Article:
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Browsing named entities in The Daily Dispatch: March 18, 1862., [Electronic resource].

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The battle in Arknasas. We are still without full details of the terribles struggle that was in progress on the 6th, 7th, and 8th of this month, between the Confederates and Yankees, in the Northwestern corner of Arkansas; but this may be accounted for by the fact that the usual avenues of communication through Tennessee have been interrupted, and the Memphis papers are several days overdue. The Savannah has a special dispatch from Memphis, dated the 18th, which announces the arrival of Capt. Rogers at Fort Smith in charge of the ammunition train and the official account of the battle. The fighting is represented to have been terrible. The Confederates, who were mostly armed with shotguns and rifles, charged the enemy again and again, ubbing their guns and driving them back from their first position. The enemy had taken a second and stronger position. When it became known to his troops that Gen. McCulloch had fallen, they were frantic with rage, fighting like demons, charg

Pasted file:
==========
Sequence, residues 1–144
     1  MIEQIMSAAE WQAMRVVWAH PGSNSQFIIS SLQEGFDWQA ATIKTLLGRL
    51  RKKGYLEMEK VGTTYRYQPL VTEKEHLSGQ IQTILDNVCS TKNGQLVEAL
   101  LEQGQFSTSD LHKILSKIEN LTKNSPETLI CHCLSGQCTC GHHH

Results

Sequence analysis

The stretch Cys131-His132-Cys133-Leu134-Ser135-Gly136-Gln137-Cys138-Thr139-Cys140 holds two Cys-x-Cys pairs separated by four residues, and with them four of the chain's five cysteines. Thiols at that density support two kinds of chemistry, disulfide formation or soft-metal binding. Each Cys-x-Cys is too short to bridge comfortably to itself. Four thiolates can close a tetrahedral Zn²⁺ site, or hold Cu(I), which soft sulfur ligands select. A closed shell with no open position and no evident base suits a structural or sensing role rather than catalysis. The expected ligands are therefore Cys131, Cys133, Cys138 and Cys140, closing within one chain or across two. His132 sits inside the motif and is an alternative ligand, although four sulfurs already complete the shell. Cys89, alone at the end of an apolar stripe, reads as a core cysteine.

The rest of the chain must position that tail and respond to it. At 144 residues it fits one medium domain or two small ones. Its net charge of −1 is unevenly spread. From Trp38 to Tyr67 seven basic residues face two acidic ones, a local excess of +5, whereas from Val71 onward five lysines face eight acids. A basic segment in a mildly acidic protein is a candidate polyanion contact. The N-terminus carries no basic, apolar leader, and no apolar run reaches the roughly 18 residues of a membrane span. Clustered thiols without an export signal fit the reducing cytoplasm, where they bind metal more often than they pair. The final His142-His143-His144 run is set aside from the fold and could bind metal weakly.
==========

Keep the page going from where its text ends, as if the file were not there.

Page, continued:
Edwin Heriot, Esq., a well known citizen of Charleston, S. C., and a gentleman of cultivated literary tastes, died on Thursday last. A trial trip of the new gunboats Morgan and Gaines, built at Mobile, was made on the 8th inst. The result was most satisfactory. Lieut. Fauntleroy, C. S. N., and Captain Postell, of Savannah, have lately arrived in the South from Europe. A grocer advertises in the following manner: "Hams and cigars, smoked and unsmoked." It is stated that there is but one county in Georgia where drafting was necessary to fill up the quota.